To refresh your memory, the terror threat that forced the closing of 19 U.S. diplomatic outposts abroad in early August was treated as unusually dire by U.S. counterterrorism because of the people involved in the communications about it. They couldn’t reveal who those people were, though, for fear that the targets would then realize they were being bugged and clam up. But then, on August 4, somebody blabbed to McClatchy:

An official who’d been briefed on the matter in Sanaa, the Yemeni capital, told McClatchy that the embassy closings and travel advisory were the result of an intercepted communication between Nasir al-Wuhayshi, the head of the Yemen-based Al Qaida in the Arabian Peninsula, and al Qaida leader Ayman al Zawahiri in which Zawahiri gave “clear orders” to al-Wuhaysi, who was recently named al Qaida’s general manager, to carry out an attack.

Result: Yup, they clammed up.

Since news reports in early August revealed that the United States intercepted messages between Ayman al-Zawahri, who succeeded Osama bin Laden as the head of Al Qaeda, and Nasser al-Wuhayshi, the head of the Yemen-based Al Qaeda in the Arabian Peninsula, discussing an imminent terrorist attack, analysts have detected a sharp drop in the terrorists’ use of a major communications channel that the authorities were monitoring. Since August, senior American officials have been scrambling to find new ways to surveil the electronic messages and conversations of Al Qaeda’s leaders and operatives.

“The switches weren’t turned off, but there has been a real decrease in quality” of communications, said one United States official, who like others quoted spoke on the condition of anonymity to discuss intelligence programs…

“It was something that was immediate, direct and involved specific people on specific communications about specific events,” one senior American official said of the exchange between the Qaeda leaders. “The Snowden stuff is layered and layered, and it will take a lot of time to understand it. There wasn’t a sudden drop-off from it. A lot of these guys think that they are not impacted by it, and it is difficult stuff for them to understand.”

Other senior intelligence and counterterrorism officials offer a dissenting view, saying that it is difficult, if not impossible, to separate the impact of the messages between the Qaeda leaders from Mr. Snowden’s overall disclosures, and that the decline is more likely a combination of the two.

That makes me think that my hunch in this post was correct. Weeks after the first leak, U.S. officials started whispering to reporters that they hadn’t intercepted the Zawahiri chat live while it happened but had rather gotten a recording of it off of a storage device held by a captured jihadi courier. That seemed like damage control — a way to reassure Zawahiri and his deputies that we couldn’t listen in real time and therefore it was safe for them to start talking again. No dice. But a nice try.

The Times’s intel sources claim that jihadi chatter doesn’t so much tail off after new Snowden revelations in the press as become temporarily consumed by chitchat about the revelations themselves. Which makes sense: Most of it so far has had to do with the NSA hoovering up communications in the U.S. and allied nations. Whether Snowden’s waging war on the surveillance state in particular or American espionage more broadly, revealing sensitive info about countermeasures against AQ and similar groups would be catastrophic for his cause. All he’s really telling AQ in his leaks is that the feds can access virtually any Internet platform — which AQ seems to have already assumed, given the effort described at the end of the NYT piece that they’ve given to building their own encryption. Of course, the NSA can bust lots of encryption too; my sense from the NYT piece, in fact, is that AQ probably used their “Mujahedeen Secrets” encryption for Zawahiri’s chat about the terror plot not knowing that U.S. intel has (probably) cracked it. Well, now they know. No more chatter.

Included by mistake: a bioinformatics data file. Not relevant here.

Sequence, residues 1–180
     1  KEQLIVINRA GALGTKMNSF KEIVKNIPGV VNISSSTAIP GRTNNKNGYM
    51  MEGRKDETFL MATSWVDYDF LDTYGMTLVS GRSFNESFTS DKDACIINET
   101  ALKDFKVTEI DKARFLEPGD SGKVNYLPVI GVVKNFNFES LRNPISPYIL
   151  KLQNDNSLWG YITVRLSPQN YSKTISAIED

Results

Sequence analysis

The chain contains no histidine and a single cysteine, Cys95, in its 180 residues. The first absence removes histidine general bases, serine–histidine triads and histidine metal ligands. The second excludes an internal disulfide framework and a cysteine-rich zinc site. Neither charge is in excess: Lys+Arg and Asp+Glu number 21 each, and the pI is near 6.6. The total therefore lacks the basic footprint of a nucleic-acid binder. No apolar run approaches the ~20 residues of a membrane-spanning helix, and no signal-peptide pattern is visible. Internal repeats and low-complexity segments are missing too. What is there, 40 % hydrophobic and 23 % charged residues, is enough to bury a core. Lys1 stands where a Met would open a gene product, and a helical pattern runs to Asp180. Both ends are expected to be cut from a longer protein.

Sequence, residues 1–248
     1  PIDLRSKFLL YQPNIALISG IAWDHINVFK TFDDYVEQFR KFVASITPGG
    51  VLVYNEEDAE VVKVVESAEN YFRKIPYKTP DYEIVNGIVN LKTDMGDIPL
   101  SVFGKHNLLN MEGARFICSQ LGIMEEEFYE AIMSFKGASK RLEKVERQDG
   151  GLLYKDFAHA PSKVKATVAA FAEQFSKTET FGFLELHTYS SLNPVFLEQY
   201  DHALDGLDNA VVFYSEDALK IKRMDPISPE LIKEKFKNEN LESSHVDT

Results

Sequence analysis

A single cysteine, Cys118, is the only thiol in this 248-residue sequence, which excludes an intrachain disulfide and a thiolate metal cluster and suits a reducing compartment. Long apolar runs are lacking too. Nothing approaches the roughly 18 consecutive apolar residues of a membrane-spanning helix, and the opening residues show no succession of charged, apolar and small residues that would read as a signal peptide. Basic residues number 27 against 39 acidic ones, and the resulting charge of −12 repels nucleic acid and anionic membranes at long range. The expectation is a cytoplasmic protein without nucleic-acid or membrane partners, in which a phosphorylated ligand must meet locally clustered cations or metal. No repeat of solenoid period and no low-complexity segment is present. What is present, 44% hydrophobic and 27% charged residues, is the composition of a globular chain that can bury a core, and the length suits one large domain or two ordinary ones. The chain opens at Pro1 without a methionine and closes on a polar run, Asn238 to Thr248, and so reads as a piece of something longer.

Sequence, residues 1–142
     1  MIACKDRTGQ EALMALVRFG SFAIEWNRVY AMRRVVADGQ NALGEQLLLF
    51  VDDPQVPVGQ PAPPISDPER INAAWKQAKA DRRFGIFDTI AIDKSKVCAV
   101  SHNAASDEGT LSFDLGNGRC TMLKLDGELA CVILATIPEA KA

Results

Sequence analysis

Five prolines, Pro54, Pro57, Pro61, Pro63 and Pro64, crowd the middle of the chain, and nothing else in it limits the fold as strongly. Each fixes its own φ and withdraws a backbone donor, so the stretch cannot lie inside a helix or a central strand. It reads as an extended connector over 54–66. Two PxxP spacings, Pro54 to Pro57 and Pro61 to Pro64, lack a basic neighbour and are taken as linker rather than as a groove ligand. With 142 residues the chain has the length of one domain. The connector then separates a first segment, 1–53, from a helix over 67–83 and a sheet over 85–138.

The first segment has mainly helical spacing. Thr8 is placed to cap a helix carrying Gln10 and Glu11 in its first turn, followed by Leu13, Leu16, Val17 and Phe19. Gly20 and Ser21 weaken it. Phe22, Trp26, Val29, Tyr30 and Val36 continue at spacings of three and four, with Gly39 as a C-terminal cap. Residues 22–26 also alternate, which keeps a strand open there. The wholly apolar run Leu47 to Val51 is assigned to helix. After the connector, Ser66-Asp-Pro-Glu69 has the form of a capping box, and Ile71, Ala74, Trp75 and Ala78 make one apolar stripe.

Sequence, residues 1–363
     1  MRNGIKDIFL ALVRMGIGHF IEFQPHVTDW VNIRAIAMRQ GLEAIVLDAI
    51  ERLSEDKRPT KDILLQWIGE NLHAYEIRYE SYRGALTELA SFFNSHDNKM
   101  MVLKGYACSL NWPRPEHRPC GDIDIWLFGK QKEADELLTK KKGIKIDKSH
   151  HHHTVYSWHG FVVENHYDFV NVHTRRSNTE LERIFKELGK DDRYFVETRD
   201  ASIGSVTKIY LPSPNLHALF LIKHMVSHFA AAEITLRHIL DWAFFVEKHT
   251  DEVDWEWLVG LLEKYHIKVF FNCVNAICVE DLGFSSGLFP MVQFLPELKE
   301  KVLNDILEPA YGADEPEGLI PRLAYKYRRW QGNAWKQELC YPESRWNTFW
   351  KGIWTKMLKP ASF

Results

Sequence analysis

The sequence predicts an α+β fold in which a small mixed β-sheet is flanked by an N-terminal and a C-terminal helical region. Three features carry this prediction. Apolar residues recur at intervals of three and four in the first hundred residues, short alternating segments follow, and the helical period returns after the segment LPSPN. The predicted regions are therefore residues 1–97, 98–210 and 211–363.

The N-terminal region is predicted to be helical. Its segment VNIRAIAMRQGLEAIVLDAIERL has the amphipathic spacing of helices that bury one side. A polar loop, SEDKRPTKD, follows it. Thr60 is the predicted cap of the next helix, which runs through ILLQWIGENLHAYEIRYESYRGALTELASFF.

You would think Obama and the DOJ would want to make a big show of prosecuting this leak, just to prove that they care more about people revealing their spycraft against Al Qaeda than against American citizens. If James Rosen’s e-mails were worth reading, surely McClatchy’s are too, right? I think there’s a simple explanation, though: The official who blabbed to McC wasn’t an American but a Yemeni. McClatchy didn’t identify his nationality in the original leak, but they seemed to the next day in a follow-up story. Frankly, given how Yemen’s likely to handle internal leaks, that guy probably wishes he was in an American jail now.

Update: Interesting theory from Tom Maguire:

As to who might be trying to accomplish what with this latest story, who can tell? Is this meant to be false reassurance to Al Qaeda, a valentine to Snowden and his press enablers, or something else entirely (like, a news story…)? I would say that based purely on the timing the August 2013 details were Administration self-promotion like the Obama 2012 re-election leaks.

I.e. “Darn it, Al Qaeda, we’ve lost our ability to listen in on your conversations!” And meanwhile the NSA’s already cracked whatever platform AQ’s using now.